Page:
Luckily, that’s a good thing. The longest break you’ll get in a game of rugby is about 90 seconds. That’s the time it takes for a try + conversion + kickofff OR scrum / lineout to take place. Remember, we’re not training to squat, we’re training to become more powerful rugby players. Embrace the lack of rest. Practice deep breathing. Practice recovering. Practice staying mentally sharp and performing multiple work efforts for 40 mins at a time.

WEEK 2 – DAY 1


Time: 40 min – Reps: 30

Staying stable

There’s a lot to be said for the simple back squat. It allows you to move the most weight of any push exercise (if not, we have bigger problems to solve) which is excellent for developing brute strength. But on Week 2, we’re going to change things up and go with the front squat so that we’re working slightly different muscle groups and practicing a different body position. The primary benefit you can derive from including front squats in your rugby leg workout to force your stabilizer muscles to support your lift.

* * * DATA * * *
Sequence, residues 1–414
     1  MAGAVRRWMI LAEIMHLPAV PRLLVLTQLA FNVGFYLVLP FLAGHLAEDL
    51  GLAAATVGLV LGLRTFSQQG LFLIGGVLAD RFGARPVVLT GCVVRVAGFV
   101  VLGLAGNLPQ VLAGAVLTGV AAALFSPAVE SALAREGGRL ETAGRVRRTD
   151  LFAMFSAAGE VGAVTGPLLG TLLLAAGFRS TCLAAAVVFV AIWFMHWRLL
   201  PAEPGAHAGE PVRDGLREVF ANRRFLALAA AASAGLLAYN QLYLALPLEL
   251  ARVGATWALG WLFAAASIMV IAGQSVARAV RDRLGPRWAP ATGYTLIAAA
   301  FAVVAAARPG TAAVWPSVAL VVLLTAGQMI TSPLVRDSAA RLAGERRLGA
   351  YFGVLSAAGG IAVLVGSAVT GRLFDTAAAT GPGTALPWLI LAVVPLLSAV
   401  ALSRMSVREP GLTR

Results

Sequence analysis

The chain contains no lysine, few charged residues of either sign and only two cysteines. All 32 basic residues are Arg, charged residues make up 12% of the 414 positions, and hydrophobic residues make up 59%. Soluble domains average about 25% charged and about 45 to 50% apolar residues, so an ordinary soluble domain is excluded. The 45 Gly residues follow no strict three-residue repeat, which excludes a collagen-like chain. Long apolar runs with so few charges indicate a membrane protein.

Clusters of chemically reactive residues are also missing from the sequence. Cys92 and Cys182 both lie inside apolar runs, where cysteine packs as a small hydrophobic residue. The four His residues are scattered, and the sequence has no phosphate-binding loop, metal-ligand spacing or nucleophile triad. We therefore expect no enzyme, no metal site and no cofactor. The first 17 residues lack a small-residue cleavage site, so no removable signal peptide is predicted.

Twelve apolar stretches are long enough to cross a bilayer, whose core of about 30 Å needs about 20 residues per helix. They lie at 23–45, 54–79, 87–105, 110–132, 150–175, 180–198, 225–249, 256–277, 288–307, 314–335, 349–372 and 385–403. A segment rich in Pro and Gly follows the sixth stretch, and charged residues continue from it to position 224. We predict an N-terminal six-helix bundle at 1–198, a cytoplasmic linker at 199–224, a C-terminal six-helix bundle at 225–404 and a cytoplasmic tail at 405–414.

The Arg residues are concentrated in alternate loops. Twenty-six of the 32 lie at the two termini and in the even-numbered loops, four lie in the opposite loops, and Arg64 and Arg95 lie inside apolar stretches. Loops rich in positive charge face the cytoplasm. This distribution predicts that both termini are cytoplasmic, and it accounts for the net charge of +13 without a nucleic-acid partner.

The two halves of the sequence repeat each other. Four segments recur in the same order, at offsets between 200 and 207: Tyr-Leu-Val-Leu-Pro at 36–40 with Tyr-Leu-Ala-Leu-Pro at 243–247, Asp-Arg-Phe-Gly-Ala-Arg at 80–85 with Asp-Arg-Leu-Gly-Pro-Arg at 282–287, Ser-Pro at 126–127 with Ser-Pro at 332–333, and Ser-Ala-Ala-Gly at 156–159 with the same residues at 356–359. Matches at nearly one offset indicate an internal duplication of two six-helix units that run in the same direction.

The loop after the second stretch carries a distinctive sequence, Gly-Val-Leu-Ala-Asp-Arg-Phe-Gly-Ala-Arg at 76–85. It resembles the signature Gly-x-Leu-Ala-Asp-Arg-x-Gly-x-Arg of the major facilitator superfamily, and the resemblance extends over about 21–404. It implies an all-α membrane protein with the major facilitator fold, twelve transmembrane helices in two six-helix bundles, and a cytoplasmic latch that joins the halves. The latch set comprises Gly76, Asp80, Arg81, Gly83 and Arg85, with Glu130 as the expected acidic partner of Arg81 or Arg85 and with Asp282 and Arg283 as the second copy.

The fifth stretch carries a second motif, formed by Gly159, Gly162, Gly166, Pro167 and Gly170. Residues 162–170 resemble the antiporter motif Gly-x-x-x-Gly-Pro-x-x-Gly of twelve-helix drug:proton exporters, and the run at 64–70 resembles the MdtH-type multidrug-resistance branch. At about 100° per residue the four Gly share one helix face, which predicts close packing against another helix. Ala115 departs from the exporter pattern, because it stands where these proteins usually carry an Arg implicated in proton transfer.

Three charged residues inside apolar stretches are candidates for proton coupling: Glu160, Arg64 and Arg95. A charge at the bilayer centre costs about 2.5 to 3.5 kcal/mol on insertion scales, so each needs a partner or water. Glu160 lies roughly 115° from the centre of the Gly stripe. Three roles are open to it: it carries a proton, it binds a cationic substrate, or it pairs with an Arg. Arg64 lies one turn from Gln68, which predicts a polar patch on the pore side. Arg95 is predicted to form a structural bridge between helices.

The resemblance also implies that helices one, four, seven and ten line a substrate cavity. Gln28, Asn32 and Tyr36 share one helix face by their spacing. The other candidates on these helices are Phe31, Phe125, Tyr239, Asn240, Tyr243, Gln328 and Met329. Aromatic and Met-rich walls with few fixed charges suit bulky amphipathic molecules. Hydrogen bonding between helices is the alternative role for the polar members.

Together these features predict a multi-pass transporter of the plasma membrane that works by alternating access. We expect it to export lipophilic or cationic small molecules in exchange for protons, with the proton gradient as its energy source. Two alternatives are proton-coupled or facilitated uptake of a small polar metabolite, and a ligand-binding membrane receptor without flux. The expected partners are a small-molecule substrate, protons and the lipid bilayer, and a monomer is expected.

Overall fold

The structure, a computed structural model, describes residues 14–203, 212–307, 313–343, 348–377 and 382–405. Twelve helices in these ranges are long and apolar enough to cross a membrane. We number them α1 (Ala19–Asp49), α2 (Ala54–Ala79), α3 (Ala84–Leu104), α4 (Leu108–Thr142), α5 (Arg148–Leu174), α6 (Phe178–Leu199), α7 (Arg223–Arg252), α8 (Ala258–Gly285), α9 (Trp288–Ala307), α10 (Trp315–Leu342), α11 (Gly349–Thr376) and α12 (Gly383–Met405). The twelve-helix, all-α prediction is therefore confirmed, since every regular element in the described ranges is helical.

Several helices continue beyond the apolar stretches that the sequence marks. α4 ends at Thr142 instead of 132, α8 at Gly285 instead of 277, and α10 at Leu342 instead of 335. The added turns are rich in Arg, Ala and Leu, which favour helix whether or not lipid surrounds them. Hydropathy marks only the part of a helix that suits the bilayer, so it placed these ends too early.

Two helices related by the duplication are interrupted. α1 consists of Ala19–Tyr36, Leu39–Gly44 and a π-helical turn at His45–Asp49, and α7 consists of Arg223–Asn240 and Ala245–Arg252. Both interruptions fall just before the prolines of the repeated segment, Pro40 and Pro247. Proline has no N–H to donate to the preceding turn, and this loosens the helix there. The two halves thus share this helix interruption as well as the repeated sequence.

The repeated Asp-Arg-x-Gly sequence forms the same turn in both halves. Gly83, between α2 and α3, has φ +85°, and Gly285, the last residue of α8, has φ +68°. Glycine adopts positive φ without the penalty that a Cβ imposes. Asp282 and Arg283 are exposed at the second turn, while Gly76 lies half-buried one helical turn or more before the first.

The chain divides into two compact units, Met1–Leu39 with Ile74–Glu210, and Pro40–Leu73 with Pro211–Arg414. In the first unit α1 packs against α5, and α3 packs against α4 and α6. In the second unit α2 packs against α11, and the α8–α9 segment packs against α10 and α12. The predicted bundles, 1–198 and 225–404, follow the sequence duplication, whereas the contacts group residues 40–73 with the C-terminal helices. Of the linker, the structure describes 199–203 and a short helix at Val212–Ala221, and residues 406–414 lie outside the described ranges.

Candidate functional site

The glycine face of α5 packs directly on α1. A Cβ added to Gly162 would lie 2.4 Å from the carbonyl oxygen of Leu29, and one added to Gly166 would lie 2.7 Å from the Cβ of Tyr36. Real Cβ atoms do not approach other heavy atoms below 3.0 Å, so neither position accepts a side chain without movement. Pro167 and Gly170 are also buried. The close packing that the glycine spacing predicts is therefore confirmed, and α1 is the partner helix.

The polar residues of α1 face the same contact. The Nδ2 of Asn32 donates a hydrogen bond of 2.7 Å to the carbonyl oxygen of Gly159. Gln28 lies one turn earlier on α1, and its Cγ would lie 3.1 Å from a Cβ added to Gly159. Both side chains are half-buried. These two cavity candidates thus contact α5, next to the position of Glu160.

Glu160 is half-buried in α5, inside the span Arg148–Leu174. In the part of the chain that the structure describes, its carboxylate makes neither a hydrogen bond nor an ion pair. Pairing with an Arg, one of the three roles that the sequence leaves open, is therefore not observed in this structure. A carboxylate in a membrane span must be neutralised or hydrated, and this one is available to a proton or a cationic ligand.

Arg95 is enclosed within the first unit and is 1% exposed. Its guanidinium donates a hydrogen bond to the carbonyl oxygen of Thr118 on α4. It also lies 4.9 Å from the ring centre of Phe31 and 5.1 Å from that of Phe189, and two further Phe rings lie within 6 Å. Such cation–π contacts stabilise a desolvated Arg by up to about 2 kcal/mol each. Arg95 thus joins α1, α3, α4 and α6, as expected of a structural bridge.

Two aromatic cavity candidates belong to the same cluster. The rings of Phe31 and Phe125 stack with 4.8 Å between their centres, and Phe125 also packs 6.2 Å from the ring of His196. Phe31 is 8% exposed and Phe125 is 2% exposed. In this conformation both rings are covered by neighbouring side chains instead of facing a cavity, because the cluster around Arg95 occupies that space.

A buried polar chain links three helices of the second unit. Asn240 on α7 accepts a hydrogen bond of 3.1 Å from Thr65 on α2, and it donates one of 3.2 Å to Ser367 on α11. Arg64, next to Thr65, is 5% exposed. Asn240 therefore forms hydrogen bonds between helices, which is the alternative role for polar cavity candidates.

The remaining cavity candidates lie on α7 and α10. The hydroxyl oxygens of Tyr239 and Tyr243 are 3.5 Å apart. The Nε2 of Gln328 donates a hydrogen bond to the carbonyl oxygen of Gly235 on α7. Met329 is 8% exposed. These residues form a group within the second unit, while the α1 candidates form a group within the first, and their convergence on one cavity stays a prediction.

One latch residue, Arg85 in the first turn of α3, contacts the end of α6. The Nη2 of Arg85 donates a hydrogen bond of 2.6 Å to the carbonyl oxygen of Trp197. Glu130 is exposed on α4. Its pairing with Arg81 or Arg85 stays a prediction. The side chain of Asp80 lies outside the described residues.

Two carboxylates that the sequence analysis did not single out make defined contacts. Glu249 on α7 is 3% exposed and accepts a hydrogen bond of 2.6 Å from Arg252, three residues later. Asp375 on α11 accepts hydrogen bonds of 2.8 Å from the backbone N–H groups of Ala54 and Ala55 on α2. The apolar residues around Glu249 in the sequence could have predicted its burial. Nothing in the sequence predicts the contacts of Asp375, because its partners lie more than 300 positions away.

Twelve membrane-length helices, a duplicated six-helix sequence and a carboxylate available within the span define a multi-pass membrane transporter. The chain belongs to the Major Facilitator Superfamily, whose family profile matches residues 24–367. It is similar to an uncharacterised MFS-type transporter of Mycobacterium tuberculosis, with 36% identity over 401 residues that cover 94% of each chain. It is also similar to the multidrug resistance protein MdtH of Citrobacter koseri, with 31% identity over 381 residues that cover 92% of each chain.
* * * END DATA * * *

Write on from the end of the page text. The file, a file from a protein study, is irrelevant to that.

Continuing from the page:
During a front squat, the muscles in your hips, obliques and posterior chain will be contracting for an extended period of time (around 20 seconds or so). Time under tension is critical for developing core strength and this is one of the best ways to get it using a functional movement. Core strength is essential for rugby. Yes, we’re doing a power leg day, but that doesn’t mean we can’t be working on complimentary muscle groups at the same time.

Front squats need mental preparation

This probably goes without saying. But doing a lot of sets of front squats is really hard. Before you get to the gym, take a few minutes to prepare mentally for what’s about to happen. Front squat days are one of the few times where a cognitive enhancer can be useful in the gym. You’re going to need focus, attention and clarity of mind to get through these next two sessions. Stay off Instagram, in fact, just put your phone back in your gym bag.

WEEK 2 – DAY 2


Time: 40 min – Reps: 20

Mental cues and short-term focus

How do you even approach a rugby leg workout like this? Any way you slice it, 15 sets is a lot. The best way to approach this session is not to think at all about the sets. Remember, your effort period is still only 30 minutes. And you’re still only doing 30 reps. Nothing has changed from the other 3 leg sessions we’ve done here. You’re just altering the pacing slightly. That’s what we tell ourselves before stepping up to the bar on Week 2 Day 2 for the final front squat session.